• Cost of the accommodations made available to the worker.

  • Cost of the automobile that was given to the employee.

  • Valuation of a sweeper's, watchman's, gardener’s, and personal attendant's activities.

  • Amount of the gas, electricity, or water supply for the employee's household.

  • Amount of educational resources offered to employees' households at no cost or a reduced rate.

  • Free or discounted transportation is supplied to any employee's household member by an employer who is in the business of transporting products or passengers.

  • Amount of the benefit from an interest-free or low-interest loan given to the employee or any member of the employee's household.

  • On any holiday, the employer shall pay, bear, or reimburse the employee or any member of his household for travel, housing, food, and any other expenses.

  • Value of free food and non-alcoholic beverages were given to an employee by their company, excluding those given while they are on the job at their place of employment or through non-transferable paid coupons valid solely at restaurants.

  • Value of any gift, coupon, or token that the worker or any member of his household may get instead of a gift if the sum of all gifts received in the previous year surpassed Rs. 5,000.

  • The amount of any yearly or ongoing club dues that the employer has paid on behalf of the employee or any household members.

  • The cost of any mobile item used by the employee or a family member that is not owned by the employer.

8. Employee Benefits Not Considered as Perquisites

The specific advantages that an employee receives shouldn't be considered perquisites. As a result, the following things won't be listed under the heading of Salaries:

1. The cost of any medical care given to an employee or a member of his family in a hospital that the company maintains.

2. The amount paid by the employer in relation to any costs expended by the employee for his or any member of his family's medical care:

  • In any hospital that the Government maintains, any local authority maintains, or any other hospital that the Government has authorized for providing medical care to its workers

  • In any hospital authorized by the Principal Chief Commissioner or Chief Commissioner in compliance with the established standards for the specified diseases or conditions. In this situation, the employee must include a certification from the hospital that details the illness or condition for which medical care was necessary as well as a receipt for the hospital's fee.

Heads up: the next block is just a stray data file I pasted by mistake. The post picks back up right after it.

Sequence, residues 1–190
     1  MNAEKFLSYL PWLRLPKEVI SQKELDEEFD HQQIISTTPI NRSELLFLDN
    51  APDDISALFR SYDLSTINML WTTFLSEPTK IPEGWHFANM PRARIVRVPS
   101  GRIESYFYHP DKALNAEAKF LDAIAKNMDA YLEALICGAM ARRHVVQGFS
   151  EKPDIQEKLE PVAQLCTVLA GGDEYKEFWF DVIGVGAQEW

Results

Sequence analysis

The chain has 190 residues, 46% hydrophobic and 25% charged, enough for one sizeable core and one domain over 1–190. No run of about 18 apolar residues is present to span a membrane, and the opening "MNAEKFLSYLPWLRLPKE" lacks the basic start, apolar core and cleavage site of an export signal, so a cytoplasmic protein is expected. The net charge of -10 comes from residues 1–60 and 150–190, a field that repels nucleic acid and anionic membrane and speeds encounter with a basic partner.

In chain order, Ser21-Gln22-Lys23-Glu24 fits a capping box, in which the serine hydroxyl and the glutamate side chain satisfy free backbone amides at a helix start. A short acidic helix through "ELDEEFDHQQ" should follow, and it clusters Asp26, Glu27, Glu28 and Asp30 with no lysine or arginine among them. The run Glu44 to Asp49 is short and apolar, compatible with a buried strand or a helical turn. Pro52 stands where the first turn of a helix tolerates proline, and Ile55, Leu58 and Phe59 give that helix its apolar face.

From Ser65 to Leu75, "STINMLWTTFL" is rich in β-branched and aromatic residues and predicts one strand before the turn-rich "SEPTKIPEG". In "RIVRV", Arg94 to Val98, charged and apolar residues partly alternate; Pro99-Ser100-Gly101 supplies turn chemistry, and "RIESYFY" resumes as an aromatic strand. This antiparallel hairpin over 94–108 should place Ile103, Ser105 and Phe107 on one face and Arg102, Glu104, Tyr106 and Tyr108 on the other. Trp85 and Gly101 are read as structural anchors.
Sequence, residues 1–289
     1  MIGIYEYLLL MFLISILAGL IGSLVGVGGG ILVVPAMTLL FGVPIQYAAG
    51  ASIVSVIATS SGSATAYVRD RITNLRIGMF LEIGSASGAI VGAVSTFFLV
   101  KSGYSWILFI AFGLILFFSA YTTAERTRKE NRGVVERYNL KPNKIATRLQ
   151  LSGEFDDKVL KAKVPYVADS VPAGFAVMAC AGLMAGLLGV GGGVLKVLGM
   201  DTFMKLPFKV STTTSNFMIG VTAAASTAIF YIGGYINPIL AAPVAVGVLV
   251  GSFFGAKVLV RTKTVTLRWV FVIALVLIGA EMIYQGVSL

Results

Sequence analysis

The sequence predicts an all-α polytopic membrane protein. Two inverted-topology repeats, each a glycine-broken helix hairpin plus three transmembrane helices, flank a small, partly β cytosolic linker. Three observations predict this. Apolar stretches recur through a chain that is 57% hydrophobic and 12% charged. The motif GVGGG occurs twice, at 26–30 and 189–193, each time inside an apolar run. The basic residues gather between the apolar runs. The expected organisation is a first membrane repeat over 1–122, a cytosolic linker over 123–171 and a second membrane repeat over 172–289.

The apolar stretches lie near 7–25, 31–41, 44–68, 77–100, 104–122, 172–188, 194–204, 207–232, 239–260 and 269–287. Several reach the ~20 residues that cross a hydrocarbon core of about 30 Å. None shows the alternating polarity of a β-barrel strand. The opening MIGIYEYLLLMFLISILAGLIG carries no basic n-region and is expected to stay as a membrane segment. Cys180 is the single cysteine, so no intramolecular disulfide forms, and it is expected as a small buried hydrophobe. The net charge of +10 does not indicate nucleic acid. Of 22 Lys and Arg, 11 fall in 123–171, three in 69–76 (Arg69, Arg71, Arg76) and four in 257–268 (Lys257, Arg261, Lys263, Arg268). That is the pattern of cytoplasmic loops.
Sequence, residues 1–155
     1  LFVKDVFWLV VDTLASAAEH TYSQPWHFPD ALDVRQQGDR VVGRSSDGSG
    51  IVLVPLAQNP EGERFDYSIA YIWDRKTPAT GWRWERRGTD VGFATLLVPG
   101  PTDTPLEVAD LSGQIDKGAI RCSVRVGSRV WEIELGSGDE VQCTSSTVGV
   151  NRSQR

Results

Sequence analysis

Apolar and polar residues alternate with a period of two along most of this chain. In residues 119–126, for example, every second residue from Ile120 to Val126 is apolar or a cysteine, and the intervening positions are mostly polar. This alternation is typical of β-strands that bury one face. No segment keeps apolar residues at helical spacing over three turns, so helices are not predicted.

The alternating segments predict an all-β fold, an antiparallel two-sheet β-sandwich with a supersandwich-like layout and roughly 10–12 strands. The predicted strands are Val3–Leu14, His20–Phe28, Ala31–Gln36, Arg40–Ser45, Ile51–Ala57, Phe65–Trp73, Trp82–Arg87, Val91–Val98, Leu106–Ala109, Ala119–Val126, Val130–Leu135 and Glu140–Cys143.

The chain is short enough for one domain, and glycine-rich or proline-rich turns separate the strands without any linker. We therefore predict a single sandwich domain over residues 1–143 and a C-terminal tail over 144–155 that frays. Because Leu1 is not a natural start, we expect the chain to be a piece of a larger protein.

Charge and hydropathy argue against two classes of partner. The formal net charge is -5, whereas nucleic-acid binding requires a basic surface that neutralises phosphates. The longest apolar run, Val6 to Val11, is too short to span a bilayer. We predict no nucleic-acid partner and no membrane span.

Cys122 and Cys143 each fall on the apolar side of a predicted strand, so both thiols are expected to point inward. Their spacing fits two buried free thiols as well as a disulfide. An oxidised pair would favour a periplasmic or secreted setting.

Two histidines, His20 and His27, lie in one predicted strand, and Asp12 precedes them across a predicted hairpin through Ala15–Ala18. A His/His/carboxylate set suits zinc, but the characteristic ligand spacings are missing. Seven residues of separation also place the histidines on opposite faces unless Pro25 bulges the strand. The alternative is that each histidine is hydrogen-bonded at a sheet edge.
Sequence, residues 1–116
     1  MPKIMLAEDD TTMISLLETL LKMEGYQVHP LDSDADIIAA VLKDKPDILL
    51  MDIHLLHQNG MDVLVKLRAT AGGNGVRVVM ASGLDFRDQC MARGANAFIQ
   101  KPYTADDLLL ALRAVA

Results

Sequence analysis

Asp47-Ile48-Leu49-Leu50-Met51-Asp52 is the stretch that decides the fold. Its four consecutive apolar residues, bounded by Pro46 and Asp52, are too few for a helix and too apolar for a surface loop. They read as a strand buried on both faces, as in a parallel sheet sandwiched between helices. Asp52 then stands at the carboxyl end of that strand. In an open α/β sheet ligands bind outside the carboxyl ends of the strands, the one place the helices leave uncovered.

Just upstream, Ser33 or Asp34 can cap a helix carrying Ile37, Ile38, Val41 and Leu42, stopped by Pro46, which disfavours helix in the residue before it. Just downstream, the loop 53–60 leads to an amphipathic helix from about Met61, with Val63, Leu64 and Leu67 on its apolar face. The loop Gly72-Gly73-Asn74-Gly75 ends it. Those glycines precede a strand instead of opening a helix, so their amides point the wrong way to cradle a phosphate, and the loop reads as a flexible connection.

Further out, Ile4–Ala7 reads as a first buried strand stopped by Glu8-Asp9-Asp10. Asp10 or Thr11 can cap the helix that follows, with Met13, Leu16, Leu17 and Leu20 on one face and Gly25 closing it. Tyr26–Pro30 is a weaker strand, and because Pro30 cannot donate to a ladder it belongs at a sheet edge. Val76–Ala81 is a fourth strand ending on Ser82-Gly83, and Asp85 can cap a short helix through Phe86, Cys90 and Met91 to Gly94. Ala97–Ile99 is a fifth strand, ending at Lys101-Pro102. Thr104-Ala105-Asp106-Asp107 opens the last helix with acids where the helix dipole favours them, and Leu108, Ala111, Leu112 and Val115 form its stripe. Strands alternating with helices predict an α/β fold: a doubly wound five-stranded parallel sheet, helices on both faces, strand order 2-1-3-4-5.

3. Any payment paid on behalf of an employee by their employer to establish or maintain health insurance coverage for themselves or a member of their family under a plan approved by the Central Government or the Insurance Regulatory and Development Authority

4. Any amount paid by the employer about any expense spent by the employee for his or a member of his family's medical care that does not exceed 15,000 rupees during the fiscal year

5. Any costs the employer incurs or payments the employer makes to the employee in connection with:

  • Outside of India, the employee or any member of their family may receive medical care.

  • Travel and lodging expenses for the employee or any member of their family who is receiving medical treatment overseas.

  • To the extent permitted by the Reserve Bank of India, travel and lodging costs for one attendant who travels with the patient for this type of treatment may be deducted from perquisites. In addition, travel expenses should only be deducted from perquisites in the specific case of employees whose combined gross annual income does not exceed two lakh rupees.

Conclusion

Perquisites are extra benefits that employees receive on top of their pay. Certain perks or perquisites may or may not be taxable based on their nature. The term "fringe benefits" or "perks" refers to various extra advantages to a person's pay. These elements are taxed separately from the employer's account to preserve transparency and accountability.

The company's amenities are treated as perquisites and taxed per established laws and regulations.

 


Frequently Asked Questions

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Company automobiles, rent-free housing, and stock options are a few of the most typical perquisites that many firms provide to their staff.

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Perquisites are subject to a tax rate of 30% of the value of fringe benefits. The employer that provides these fringe benefits to workers is responsible for paying the perquisite tax. It could be an organization, a business, a group of people united in an association, or a corporation.

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According to the Finance Act of 2005, perks shall be taxed by the government if they have been given to workers or are viewed as having been given to them by employers. Perquisites should preferably be taxed at a rate of 30% of the total amount of the available fringe benefits.

 

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Only if a worker receives perquisites from his employer, are they counted as revenue toward his wage (maybe former, present, or prospective). The tax code's "Profits and gains of business or profession" or "Income from other sources" sections apply to perquisites that are obtained from a source other than an employer.